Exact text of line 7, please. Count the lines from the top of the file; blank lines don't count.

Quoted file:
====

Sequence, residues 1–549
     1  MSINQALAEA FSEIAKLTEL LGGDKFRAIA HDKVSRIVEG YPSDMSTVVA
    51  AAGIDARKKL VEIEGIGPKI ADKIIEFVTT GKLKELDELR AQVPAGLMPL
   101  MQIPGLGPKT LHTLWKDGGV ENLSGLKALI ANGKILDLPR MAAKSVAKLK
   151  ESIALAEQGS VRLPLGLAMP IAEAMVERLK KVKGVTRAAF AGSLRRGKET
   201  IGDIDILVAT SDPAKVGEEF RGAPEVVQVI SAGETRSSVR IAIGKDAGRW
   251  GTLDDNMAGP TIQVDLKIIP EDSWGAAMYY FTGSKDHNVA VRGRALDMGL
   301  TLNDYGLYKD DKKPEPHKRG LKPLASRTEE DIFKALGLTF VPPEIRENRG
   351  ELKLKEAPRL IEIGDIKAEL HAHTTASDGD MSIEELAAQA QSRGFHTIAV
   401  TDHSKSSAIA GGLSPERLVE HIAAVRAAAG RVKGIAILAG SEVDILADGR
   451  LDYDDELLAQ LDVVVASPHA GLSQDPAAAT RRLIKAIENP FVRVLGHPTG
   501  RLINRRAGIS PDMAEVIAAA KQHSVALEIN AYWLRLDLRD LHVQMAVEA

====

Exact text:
   251  GTLDDNMAGP TIQVDLKIIP EDSWGAAMYY FTGSKDHNVA VRGRALDMGL